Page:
Italy59.0 million52.4 million
Republic of Korea51.8 million45.9 million
Germany83.4 million79.1 million
Thailand71.7 million68.1 million
Spain 47.6 million44.3 million

Several countries in the world are expected to see their populations decline over the next 30 years. And the main reason for this: extremely low birth rates.

South Korea, which has the world’s lowest fertility rate, is expected to see a sharp decline of almost 12% in its population as it falls to 46 million by 2050.

Changing world population trends like this can pose challenges for economies around the world, such as labor shortages, aging populations, and an increasing financial burden on younger generations.

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This article was published as a part of Visual Capitalist's Creator Program, which features data-driven visuals from some of our favorite Creators around the world.

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Demographics

Ranked: Countries Where Youth are the Most Unhappy, Relative to Older Generations

Conventional wisdom says that young adults (those below 30) tend to be the happiest demographic—but this is not true for these countries.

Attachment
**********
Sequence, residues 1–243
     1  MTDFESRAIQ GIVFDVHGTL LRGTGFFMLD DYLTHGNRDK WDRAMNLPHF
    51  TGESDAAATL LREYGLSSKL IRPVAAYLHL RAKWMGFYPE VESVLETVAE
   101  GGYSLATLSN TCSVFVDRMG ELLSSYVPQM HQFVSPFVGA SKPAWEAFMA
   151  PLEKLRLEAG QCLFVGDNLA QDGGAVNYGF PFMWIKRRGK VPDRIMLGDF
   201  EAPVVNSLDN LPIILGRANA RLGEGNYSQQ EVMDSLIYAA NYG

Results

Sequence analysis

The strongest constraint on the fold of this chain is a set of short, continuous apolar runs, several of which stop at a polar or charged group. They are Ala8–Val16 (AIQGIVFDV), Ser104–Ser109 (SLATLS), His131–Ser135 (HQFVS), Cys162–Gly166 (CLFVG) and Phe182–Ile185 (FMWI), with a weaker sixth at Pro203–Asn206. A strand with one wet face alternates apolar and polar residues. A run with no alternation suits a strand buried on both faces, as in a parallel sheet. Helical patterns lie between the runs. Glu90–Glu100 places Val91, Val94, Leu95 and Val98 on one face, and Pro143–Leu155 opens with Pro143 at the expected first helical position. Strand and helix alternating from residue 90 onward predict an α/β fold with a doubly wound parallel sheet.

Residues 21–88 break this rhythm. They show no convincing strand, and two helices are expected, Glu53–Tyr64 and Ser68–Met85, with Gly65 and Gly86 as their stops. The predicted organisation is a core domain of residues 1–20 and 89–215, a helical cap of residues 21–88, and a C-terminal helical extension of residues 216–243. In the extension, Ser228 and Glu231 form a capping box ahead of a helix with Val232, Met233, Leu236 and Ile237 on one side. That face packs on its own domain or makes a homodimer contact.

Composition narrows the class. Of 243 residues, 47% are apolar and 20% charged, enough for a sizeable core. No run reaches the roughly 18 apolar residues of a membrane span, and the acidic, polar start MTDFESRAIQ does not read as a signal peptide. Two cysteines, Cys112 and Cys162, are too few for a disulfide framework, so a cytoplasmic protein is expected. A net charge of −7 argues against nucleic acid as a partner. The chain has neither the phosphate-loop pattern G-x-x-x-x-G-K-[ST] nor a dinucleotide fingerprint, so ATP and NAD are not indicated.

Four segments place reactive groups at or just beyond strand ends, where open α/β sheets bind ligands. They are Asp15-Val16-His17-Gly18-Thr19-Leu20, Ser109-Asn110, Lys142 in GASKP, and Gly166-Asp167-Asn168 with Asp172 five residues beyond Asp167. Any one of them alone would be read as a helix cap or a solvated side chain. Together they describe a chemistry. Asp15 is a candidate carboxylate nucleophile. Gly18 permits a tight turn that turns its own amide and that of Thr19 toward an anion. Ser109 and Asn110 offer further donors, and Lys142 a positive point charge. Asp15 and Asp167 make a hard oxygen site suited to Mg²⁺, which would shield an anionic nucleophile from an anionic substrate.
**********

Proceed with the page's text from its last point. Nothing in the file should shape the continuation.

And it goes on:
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Countries with the Biggest Happiness Gaps Between Generations

This was originally posted on our Voronoi app. Download the app for free on iOS or Android and discover incredible data-driven charts from a variety of trusted sources.

“They say a person needs just three things to be truly happy in this world: someone to love, something to do, and something to hope for.” — Tom Bodett

Measuring happiness is tricky business, more so when taking into account how different regions, cultures, and faiths define it. Nevertheless, the World Happiness Report attempts to distill being happy into a single score out of 10, and then ranks countries by their average score.

We’ve visualized the high-level findings from the latest happiness report in this series of maps. However, the report also dives deeper into other significant trends in the data, such as a growing disparity in happiness between age groups within countries themselves.

In the chart above, we list countries by the biggest gaps in happiness ranks between young adults (<30) and older adults (60+). A higher number indicates a larger gap, and that the youth are far unhappier than their older counterparts.

Where are Youth Unhappier than Older Adults?